Wednesday, July 4, 2012

Deep Summer and Loving It

This is what I call "deep summer".   When July 4th arrives it signals we are into what Maine is all about.   The last couple of weeks, since summer was marked by the calendar, have brought us rain, thrunder, hail, wind, humidity and what some think is unseasonable heat.  Now we settle into summer with all the tourists,  town fairs, old home days, art shows, clam and lobster festivals, and the great MOXIE DAYS, which is held in Lisbon Falls, Maine, the second weekend in July (this year on June 8th).

A doctor* created Moxie as an elixir which was given by the spoonful for a variety of symptoms.    Then in 1876 it was made into a carbonated beverage in Union, Maine.    My father liked Moxie.   When we went on picnics that was the drink we took.  I didn't like it as a child, but acquired a taste for it as I grew older.   I haven't had any for many years, and don't know that I would like it so much now.   I have a tendency to like sweet things as I age, and I hardly ever drink carbonated drinks.   The Moxie Festival has grown since the first one in 1983, and now includes a 5K road race, car show, lots of memorabelia and souvenirs.  It is a "three day powwow."  (It's a wonder that is still poliltically correct language, since it's not connected to the Indians in any way.)  There is no reason to be bored in Maine in the summer.  This year, lobsters shed their shells early so the delicacy is plentiful and slightly less costly as they re-emerge with soft new homes; the beaches are clean, (yes they are, in spite of what the government says) and the  ocean and lakes are warmer than usual for this time of year.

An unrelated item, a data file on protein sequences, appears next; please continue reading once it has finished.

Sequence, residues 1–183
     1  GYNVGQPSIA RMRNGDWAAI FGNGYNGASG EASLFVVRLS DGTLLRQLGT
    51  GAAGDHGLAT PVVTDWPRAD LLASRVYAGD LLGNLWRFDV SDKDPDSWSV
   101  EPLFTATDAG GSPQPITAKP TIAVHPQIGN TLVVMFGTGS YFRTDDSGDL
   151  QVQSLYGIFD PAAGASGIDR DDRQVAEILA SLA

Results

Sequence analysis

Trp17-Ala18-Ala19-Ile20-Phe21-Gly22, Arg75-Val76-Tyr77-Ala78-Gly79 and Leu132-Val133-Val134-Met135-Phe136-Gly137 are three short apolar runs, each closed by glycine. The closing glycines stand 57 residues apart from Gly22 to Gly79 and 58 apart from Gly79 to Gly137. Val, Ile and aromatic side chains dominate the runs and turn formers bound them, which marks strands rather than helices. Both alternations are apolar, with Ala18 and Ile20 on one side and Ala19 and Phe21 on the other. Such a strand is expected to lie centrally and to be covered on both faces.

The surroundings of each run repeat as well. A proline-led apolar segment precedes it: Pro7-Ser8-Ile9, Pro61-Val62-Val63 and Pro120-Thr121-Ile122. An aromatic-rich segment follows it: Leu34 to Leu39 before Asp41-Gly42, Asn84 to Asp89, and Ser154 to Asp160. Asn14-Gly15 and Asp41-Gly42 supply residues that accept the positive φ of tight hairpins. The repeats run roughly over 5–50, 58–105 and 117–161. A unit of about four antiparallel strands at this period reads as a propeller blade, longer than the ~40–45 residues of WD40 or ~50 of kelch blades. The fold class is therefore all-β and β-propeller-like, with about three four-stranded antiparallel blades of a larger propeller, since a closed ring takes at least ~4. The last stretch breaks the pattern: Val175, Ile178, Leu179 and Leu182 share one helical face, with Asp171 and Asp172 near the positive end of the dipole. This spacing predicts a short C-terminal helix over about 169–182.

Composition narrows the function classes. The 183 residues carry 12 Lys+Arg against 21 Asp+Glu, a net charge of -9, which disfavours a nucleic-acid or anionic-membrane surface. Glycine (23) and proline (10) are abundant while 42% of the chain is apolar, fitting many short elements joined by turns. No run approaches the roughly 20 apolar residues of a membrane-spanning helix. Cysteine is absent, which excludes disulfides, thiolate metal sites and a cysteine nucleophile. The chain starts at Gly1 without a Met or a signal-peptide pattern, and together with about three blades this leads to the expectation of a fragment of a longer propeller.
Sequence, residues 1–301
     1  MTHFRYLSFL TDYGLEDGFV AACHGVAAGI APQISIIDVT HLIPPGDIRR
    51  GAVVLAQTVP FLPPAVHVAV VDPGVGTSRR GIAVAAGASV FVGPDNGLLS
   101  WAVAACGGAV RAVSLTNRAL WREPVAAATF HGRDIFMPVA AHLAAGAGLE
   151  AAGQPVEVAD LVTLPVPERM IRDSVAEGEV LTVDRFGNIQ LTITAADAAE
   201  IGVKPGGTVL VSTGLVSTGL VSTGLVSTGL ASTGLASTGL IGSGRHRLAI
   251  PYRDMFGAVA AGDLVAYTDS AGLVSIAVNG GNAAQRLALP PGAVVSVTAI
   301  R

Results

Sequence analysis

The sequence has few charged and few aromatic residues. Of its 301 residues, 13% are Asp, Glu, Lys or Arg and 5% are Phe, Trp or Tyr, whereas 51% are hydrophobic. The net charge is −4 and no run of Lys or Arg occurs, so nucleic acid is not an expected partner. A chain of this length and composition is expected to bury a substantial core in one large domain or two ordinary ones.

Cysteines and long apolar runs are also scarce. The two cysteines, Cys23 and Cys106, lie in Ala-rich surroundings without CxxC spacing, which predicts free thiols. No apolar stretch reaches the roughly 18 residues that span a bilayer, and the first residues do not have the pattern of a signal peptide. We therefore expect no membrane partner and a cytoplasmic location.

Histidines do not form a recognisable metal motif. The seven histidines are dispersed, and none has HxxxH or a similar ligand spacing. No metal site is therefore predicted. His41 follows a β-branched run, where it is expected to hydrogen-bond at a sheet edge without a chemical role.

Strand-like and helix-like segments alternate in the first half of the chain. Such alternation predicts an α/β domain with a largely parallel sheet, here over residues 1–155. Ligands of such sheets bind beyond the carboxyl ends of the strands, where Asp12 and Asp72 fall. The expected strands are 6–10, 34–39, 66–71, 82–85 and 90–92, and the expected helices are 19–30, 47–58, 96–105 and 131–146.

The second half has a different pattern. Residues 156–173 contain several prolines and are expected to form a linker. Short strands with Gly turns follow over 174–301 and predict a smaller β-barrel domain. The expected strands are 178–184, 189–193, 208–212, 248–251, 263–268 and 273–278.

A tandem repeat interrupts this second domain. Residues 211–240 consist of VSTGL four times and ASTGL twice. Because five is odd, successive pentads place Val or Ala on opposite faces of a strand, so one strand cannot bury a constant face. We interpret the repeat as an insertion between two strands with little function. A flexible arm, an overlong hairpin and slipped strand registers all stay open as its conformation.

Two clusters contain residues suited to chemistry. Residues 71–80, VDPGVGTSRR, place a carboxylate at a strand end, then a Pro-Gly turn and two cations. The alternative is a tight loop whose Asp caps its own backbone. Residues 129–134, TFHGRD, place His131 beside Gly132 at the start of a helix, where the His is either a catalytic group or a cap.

I deadheadded the roses; poor things were beaten and battered by the recent high winds, hail and rain.   And cleaned out the foxglove which is so beautiful when in bloom, but downright nasty looking when they "go by."
I cannot keep the weeds out of the mulch bed, but the mulch bed was a bad idea to begin with.  It seemed so reasonable that it would be a good place for Nick to "go" and much easier for me to keep clean.   He doesn't "go" there, but he loves to lay down in it, and being a hairy monster, he drags in mulch with every trip.   I have taught him to shake on command out there, (which proves you CAN teach an old dog new tricks)  and it eliminates some, but I am constantly fighting to keep it out of the carpet.
I think in the fall I will spread some loam and seed it for next year.  

July's moon is the Buck Moon.  It was full last night, but in the early waning nights it will still look bright and wash my yard with cool light.   The mosquitos found the patio last night, so I will enjoy the adjoining four-season room with the screened door and windows open.     A well known poet implied there is nothing so "rare as a day in June" but I am inclined to think evenings in July in Maine are practically idyllic, and pretty rare as in a good year we probably can only count on 25 of them at most.

*From Maine but practicing in Massachusetts 


Credit: Moxie

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